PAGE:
ESPN, which has already seen some subscriber losses, must be mulling this future -- even as it touts the strong loyalty of its viewers going into this upfront advertising selling period.
Estimates are, the big network still has financial and advertising strength. ESPN still collects around $7 billion in subscriber fees and $4 billion in advertising revenues per year.
Backing up ESPN’s positive future, a survey from the Center for Digital Future/USC Annenberg and sports content producer The Post Game, says 56% of sports fans would spend more for online streaming channels than for cable/satellite channels. The survey wasn’t specific about exactly what channels — sports, non-sports, ESPN, or otherwise.
Though over-the-top services are tempting to all TV viewers because of price and efficiency, reality is setting in with some sports fans, according to the survey: 90% are willing to pay something for sports programming.
Other positive signs for traditional sports channels: Young sports fans age 15-36 will spend more for sports programming than older fans. The survey was also positive about mobile sports consumption. About a third of millennials (age 29-36) said they would watch a sporting event on someone’s else’s mobile phone.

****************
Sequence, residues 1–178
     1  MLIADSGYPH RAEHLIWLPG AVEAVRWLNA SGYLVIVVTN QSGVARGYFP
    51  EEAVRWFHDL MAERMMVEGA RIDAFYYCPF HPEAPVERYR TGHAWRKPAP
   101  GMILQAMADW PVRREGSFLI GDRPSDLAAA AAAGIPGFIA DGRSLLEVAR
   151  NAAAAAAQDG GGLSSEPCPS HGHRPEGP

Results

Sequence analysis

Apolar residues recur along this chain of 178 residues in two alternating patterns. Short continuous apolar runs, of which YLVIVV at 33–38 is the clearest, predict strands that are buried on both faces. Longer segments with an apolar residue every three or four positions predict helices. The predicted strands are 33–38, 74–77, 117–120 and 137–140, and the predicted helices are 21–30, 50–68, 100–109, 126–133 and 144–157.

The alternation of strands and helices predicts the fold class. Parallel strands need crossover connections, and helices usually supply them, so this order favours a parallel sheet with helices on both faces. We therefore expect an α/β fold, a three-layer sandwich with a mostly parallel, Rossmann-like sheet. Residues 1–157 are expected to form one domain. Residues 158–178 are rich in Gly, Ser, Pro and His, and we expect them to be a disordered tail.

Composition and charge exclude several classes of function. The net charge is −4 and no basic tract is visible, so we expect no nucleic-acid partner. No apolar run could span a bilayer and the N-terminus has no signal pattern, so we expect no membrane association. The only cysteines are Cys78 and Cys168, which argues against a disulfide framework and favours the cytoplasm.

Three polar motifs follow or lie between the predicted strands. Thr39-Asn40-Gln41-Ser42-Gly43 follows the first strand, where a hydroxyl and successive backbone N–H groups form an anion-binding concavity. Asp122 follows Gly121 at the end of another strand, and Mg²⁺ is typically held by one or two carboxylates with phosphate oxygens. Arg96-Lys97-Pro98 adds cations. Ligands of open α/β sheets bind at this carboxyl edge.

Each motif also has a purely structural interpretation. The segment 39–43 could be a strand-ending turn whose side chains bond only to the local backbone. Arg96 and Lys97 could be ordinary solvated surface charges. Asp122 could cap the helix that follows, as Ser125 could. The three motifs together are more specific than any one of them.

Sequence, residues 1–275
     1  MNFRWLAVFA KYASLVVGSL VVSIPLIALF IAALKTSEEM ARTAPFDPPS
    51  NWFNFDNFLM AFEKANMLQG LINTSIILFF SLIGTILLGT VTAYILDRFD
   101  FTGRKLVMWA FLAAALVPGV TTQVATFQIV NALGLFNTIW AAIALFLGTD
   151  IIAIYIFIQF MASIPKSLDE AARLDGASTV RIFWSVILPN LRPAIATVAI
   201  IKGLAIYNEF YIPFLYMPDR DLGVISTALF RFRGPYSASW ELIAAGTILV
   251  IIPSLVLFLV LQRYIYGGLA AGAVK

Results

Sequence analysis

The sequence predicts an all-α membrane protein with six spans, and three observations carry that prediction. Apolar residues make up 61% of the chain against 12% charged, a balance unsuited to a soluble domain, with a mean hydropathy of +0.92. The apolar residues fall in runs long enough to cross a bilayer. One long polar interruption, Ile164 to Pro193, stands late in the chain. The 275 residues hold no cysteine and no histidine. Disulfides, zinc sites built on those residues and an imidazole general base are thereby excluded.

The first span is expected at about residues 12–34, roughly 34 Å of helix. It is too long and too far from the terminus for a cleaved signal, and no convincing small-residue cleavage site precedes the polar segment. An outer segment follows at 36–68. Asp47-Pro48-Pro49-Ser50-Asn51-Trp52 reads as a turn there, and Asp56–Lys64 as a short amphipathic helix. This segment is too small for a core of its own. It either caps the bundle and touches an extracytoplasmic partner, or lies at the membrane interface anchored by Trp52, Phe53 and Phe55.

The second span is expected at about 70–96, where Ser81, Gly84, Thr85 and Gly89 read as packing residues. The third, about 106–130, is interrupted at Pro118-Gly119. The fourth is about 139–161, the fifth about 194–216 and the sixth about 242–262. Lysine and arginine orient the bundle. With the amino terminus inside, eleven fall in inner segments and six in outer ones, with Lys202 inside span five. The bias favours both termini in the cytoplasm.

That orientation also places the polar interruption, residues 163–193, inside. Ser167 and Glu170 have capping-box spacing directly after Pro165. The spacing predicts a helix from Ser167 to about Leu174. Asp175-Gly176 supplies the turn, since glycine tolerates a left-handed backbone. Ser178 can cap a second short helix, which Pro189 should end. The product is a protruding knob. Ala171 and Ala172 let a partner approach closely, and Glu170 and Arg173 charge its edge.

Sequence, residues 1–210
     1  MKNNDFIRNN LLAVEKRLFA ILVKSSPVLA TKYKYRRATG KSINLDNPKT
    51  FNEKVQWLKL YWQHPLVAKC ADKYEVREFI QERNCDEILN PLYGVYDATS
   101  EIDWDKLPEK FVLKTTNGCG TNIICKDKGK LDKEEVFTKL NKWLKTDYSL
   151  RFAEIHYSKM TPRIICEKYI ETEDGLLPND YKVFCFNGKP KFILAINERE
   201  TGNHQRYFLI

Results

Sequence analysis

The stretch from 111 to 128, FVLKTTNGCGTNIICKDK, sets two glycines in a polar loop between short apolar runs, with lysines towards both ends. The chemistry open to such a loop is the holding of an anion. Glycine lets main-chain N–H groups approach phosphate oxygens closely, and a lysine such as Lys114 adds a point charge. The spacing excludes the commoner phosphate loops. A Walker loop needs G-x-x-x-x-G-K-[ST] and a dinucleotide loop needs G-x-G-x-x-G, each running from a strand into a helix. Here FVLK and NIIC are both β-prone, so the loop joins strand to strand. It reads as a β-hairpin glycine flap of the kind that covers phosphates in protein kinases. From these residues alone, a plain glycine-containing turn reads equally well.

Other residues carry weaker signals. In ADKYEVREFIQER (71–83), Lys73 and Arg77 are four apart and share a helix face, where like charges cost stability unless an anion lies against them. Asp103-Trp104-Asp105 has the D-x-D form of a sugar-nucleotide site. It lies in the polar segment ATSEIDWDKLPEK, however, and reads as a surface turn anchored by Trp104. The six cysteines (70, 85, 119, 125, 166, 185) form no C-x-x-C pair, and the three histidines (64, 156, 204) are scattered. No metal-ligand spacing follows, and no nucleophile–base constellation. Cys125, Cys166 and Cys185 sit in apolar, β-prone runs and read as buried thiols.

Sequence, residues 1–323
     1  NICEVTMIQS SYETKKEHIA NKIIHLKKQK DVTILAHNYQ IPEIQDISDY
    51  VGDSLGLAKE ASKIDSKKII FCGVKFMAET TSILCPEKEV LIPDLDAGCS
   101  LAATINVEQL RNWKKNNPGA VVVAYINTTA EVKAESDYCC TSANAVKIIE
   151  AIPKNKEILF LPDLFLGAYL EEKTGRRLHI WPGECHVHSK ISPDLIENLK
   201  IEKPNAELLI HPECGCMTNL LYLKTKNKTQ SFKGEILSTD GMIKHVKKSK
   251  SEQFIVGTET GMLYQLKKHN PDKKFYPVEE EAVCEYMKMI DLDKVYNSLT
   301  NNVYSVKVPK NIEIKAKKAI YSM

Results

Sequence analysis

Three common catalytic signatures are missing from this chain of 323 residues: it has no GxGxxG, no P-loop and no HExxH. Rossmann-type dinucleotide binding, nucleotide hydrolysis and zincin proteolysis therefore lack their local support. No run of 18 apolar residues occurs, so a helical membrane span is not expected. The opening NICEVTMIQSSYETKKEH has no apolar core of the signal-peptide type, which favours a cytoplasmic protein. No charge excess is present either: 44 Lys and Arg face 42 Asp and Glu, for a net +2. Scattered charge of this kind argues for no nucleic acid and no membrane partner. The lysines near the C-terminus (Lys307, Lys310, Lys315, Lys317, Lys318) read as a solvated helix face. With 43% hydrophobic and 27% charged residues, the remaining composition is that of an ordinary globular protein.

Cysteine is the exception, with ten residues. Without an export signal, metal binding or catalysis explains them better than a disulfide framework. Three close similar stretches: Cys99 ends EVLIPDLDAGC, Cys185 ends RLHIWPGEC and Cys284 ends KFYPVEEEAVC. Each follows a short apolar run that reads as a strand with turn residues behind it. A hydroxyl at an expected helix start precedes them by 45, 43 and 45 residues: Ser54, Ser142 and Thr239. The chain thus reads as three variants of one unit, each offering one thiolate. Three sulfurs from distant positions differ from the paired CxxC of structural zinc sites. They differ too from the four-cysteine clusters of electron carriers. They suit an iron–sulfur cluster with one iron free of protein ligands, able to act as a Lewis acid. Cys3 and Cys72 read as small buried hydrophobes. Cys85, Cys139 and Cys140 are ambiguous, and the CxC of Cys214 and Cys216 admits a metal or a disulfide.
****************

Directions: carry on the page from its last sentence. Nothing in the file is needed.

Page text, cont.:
All this meshes with the sharp rise of mobile usage in key ESPN brands. The network says there is a 74% year-to-year increase in online viewing for its ubiquitous “SportsCenter”programming.
How much will high usage sports TV consumers pay for an OTT ESPN network? $7 a month? Or $8? Maybe $20?
Intense sports fans need to do their own financial entertainment math -- no doubt coming at a price for other non-sports channels they don’t need.
Can ESPN get there? If modest pricing doesn’t persuade enough, ESPN -- and TV networks of its type -- will continue to play the card that increasingly means a lot to viewers and advertisers: It’s live programming, and carries premium value for all involved.